‘Carbon offsetting’ is just a way of the western middle classes assuaging their climate guilt. We can do better by thinking holistically.
In one recent study in the journal Nature, for example, researchers examined long-term restoration efforts in northern India, a country that has invested huge amounts of money into planting over the last 50 years. The authors found “no evidence” that planting offered substantial climate benefits or supported the livelihoods of local communities.
The study is among the most comprehensive analyses of restoration projects to date, but it’s just one example in a litany of failed campaigns that call into question the value of big tree-planting initiatives. Often, the allure of bold targets obscures the challenges involved in seeing them through, and the underlying forces that destroy ecosystems in the first place.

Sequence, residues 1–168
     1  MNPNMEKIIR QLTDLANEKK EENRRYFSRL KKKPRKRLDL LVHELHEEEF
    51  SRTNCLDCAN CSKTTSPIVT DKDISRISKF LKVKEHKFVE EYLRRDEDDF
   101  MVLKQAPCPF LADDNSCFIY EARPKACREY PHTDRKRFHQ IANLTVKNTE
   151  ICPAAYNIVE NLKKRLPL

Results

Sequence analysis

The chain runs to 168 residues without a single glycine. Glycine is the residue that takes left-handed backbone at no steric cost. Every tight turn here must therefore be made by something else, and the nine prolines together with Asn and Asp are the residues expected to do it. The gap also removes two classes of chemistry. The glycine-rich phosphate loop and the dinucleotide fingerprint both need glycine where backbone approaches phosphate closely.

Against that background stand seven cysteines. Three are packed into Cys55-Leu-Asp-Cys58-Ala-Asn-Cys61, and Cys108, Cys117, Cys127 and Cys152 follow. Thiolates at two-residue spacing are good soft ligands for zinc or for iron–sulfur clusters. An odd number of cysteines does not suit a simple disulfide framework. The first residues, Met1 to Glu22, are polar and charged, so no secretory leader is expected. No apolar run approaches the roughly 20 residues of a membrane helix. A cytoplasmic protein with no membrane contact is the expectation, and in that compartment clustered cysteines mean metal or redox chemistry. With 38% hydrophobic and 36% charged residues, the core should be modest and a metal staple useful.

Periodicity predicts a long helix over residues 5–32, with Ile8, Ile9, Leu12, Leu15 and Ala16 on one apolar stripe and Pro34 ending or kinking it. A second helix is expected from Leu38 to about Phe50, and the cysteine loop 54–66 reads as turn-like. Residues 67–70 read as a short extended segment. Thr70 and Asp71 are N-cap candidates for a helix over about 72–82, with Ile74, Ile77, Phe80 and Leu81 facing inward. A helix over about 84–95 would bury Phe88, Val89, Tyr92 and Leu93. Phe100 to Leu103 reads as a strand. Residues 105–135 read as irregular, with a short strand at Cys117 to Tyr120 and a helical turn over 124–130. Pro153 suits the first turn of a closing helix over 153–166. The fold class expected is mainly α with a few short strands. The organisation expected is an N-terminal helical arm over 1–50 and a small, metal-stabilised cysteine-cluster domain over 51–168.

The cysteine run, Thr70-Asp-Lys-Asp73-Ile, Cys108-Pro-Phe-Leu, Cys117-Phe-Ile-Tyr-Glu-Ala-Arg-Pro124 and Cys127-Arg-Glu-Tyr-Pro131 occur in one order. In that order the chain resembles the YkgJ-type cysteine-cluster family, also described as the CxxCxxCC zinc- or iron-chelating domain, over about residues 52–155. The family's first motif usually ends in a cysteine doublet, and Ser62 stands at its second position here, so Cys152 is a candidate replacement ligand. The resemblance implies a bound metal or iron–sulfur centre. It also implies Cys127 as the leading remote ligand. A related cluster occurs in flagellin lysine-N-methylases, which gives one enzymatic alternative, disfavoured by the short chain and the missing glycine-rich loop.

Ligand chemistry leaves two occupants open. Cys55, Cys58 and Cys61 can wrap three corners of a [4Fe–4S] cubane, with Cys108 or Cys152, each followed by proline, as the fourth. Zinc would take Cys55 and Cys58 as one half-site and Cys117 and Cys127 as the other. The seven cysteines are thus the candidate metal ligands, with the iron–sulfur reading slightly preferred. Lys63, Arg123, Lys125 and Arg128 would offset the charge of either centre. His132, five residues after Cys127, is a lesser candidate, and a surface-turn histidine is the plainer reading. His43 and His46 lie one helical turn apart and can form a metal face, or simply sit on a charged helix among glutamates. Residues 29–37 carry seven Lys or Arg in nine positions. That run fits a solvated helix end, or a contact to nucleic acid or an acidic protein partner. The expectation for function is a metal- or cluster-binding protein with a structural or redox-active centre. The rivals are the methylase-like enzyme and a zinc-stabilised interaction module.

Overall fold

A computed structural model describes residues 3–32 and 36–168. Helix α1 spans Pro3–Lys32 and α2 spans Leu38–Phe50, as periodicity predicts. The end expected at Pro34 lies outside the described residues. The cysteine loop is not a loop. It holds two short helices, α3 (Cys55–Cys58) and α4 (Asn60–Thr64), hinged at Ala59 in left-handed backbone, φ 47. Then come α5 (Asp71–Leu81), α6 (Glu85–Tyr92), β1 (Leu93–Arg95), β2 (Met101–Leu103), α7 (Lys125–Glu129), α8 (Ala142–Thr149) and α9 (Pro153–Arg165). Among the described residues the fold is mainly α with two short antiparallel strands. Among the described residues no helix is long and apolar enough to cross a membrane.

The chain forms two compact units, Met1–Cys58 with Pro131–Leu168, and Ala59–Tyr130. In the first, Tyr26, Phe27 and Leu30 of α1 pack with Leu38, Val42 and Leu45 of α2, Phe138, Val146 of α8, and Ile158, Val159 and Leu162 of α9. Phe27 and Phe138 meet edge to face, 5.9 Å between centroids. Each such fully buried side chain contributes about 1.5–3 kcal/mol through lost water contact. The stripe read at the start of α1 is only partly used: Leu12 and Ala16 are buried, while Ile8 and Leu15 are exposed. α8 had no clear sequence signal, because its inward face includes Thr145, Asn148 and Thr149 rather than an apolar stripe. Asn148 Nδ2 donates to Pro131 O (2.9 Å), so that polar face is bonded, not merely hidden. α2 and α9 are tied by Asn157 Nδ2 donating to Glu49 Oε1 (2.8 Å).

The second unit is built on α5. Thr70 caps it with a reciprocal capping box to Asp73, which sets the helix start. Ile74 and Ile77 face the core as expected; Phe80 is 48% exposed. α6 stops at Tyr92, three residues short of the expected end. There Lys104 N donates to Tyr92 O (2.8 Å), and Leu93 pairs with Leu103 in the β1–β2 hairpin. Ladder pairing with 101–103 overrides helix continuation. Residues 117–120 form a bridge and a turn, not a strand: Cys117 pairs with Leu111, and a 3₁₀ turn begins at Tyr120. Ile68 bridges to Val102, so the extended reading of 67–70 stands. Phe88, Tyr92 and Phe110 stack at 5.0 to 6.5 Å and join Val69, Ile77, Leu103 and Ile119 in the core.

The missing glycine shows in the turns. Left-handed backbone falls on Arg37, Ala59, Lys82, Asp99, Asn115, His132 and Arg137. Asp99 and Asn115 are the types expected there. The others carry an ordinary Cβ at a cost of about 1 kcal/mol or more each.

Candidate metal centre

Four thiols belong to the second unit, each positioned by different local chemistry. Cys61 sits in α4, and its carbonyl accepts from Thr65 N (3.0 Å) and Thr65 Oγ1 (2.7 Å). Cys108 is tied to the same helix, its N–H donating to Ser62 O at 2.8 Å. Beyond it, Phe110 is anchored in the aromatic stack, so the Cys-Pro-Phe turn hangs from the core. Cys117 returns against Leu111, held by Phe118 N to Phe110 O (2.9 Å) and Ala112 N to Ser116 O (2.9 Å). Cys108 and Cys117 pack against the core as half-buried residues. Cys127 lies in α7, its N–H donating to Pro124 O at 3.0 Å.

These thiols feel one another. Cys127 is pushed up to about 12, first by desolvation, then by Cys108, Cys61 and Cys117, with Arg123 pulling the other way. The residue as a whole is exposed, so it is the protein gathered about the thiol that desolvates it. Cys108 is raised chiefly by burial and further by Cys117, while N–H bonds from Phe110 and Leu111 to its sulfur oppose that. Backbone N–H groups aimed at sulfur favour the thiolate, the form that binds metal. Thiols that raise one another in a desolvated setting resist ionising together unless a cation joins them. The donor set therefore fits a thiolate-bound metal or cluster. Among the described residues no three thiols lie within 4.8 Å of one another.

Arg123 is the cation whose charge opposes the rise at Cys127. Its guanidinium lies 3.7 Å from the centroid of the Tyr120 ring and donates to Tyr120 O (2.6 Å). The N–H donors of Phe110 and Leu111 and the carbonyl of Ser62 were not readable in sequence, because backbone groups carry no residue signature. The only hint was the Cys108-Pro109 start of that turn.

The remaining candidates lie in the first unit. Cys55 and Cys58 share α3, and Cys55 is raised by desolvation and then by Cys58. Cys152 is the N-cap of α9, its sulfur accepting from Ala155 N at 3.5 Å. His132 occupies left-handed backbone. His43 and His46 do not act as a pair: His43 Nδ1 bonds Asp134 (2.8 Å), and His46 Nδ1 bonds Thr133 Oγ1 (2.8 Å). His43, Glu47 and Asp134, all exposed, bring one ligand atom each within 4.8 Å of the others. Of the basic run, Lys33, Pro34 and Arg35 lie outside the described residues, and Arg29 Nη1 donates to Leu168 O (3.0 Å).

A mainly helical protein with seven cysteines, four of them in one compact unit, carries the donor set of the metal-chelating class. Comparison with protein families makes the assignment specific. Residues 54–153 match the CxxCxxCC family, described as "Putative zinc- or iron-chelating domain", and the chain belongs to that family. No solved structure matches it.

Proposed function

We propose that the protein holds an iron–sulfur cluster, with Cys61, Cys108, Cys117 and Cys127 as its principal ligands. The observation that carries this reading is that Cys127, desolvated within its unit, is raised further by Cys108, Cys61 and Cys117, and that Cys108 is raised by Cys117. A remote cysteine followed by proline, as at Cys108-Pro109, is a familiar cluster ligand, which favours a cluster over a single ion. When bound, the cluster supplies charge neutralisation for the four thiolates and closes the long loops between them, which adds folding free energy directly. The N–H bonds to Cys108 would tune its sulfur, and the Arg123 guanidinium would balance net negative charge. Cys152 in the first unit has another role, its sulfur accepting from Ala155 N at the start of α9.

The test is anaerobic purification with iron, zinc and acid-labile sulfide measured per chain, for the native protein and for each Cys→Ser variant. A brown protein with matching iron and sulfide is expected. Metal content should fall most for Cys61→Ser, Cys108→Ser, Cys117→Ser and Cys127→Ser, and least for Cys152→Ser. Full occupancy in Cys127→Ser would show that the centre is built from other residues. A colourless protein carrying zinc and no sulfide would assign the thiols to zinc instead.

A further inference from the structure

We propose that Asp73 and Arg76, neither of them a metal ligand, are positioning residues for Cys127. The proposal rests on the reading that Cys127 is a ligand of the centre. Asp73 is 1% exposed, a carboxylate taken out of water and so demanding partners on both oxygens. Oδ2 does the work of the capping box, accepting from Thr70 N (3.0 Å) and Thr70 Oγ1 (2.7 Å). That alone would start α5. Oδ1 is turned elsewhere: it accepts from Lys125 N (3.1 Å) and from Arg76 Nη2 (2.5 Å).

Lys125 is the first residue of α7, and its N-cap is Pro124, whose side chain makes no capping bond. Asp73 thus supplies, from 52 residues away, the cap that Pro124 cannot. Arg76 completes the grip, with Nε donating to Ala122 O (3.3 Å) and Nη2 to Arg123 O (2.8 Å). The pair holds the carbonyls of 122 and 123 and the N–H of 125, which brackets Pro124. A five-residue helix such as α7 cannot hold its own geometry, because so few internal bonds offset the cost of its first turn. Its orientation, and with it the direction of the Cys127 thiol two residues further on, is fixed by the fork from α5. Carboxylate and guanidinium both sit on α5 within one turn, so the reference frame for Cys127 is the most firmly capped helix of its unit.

Instead of focusing on planting huge numbers of trees, experts told Vox, we should focus on growing trees for the long haul, protecting and restoring ecosystems beyond just forests, and empowering the local communities that are best positioned to care for them.
Source: Climate change: How to plant trillions of trees without hurting people and the planet | Vox
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